According to Caplan, employers are looking for conformity, conscientiousness, and intelligence. They use completion of high school, or completion of college as a sign of conformity and conscientiousness. College certainly looks as if it’s mostly signaling, and it’s hugely expensive signaling, in terms of college costs and foregone earnings.
But inserting conformity into the merit function is tricky: things become important signals… because they’re important signals. Otherwise useful actions are contraindicated because they’re “not done”. For example, test scores convey useful information. They could help show that an applicant is smart even though he attended a mediocre school – the same role they play in college admissions. But employers seldom request test scores, and although applicants may provide them, few do. Caplan says ” The word on the street: putting high scores on your resume suggests you’re smart but socially inept. ” Who would understand that better than Bryan? So valuing conformity leads to totally arbitrary standards – they exist because they exist. Let me suggest another possibility: flaunting high scores risks irritating the drones in HR. HR tends be packed with underperformers and people that the corporation felt compelled to hire (AA). Few people in HR have high scores on standardized tests. Other employees routinely express contempt for HR/Personnel. In the immortal words of Lieutenant Callahan: ” Personnel? That’s for assholes. ”
In the long run, who you hire is truly important, so it seems odd that companies would routinely allot this task to feebs. Yet it happens. The same thing is true for college admissions – the people doing it are not that special.
I think Bryan Caplan is more or less correct in his description of how companies hire, particularly for fresh college graduates and non-STEM majors. But he thinks that companies know what they’re doing (more or less), when it comes to hiring. ” Employers are greedy but not stupid.” I don’t see much evidence of that. Evidence would consist of careful statistical studies showing what worked best. Most companies have never done that, nor do they make use of similar studies from other companies. There are exceptions: Procter and Gamble puts a lot of thought into hiring, but they’re probably obeying a direct command from their Dark Lord. Google is apparently nutty enough to fire employees for endorsing their hiring system – along with pushing for a form of ideological conformity that is guaranteed to royally piss off at least half the population and all three branches of the Federal Government.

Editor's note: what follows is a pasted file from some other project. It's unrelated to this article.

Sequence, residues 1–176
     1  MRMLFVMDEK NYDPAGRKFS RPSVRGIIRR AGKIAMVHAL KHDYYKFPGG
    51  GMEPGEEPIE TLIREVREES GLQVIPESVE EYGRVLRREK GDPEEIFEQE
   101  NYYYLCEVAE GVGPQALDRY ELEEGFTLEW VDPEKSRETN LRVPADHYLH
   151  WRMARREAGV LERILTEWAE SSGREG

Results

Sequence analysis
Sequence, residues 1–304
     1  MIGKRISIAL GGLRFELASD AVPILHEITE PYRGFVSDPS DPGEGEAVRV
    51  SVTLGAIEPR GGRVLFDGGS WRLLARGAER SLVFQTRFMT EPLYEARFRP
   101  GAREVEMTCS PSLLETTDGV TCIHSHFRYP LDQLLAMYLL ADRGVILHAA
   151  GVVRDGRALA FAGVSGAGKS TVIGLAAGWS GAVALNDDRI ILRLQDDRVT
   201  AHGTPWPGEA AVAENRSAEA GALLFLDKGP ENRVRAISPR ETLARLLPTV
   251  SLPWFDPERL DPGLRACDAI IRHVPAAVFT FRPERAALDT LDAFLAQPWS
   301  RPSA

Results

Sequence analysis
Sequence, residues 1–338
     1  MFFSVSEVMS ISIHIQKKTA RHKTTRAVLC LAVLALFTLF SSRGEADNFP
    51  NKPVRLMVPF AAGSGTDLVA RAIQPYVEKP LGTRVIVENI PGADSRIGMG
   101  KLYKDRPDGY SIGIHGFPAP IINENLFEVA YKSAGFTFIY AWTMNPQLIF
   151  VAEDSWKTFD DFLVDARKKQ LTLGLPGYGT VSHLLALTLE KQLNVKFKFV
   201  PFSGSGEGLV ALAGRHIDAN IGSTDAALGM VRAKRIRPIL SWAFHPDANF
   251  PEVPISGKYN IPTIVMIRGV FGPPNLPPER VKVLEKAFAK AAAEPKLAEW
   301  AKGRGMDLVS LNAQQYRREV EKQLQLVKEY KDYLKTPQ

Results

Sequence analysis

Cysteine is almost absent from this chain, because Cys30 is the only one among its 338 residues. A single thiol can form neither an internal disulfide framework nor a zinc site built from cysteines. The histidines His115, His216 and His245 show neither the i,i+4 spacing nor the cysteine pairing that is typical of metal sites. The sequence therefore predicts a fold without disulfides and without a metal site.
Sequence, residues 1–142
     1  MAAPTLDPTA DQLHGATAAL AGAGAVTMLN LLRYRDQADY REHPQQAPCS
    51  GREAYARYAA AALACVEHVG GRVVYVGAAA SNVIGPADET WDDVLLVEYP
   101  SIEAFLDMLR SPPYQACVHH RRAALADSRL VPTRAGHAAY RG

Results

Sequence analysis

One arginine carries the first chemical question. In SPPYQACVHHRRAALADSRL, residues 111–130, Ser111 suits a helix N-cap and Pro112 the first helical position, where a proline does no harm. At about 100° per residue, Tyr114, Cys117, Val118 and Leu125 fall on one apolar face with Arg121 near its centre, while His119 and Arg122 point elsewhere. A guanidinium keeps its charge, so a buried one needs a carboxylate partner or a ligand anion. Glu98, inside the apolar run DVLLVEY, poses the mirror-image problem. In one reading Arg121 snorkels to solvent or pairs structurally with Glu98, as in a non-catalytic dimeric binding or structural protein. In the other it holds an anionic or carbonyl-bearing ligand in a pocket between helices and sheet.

Let me give an example. Once upon a time, there was a Federal civil service exam, the General Aptitude Test Battery (GATB), a measure of general cognitive ability. That test was developed by the Feds. with considerable effort. The test had decent predictive value. It makes more sense for a huge organization to make that kind of investment – the development costs can be spread out over zillions of hires. Many state civil service exams also used the GATB, along with a number of private employers.
There was a catch: the results from the GATB were cooked. Race-normed. They gave your percentile rank for your ethnic group. “For example, three applicants might each earn a raw score of 300. But their converted scores would look quite different: the black test-taker would score in the 83 percentile of his group, the Hispanic would rank in the 67th percentile and the white or Asian in the 45th percentile.” It’s as if someone told you that you were a great jumper, for a funky white boy. The test-makers didn’t mention this little fact: most users weren’t aware of it.
My point is that it took almost ten years for this fact to come out. If HR was on the ball, you’d think they would have noticed.
Another point, which Caplan mentions in a review of Garrett Jones’s book Hive Mind: “At the individual level, IQ is much more highly correlated with job performance than income.” Which suggests that employers systematically undervalue intelligence. Why? Come to think of it, if Jones is correct, the effects are not limited to productivity at the individual level. Companies with a higher average IQ should be capable of performing more complex tasks – that is, companies in the O-ring sector of the economy – those where a single mistake can destroy much of the value. Useful tip for Paine-Webber, UBS, and Barings Bank, if a bit late.
You’d think that companies – almost all of them – would have realized this and avidly seek out unusually smart (and honest) workers ( depending on task complexity) . Along the same line of thought, baseball owners must have carefully analyzed the game and discovered all the important lessons of sabermetrics many years ago. Except that they didn’t. Bill James outdid them all while on the night shift as a security guard at the Stokely-Van Camp’s pork and beans cannery.
If the way most corporations hire new grads were close to optimal, it might be difficult to find a way of cutting through the useless and expensive signaling. We might be trapped in a local optimum. But since they apparently hire by intuition, or possibly sense of smell, improvements may not be impossibly difficult.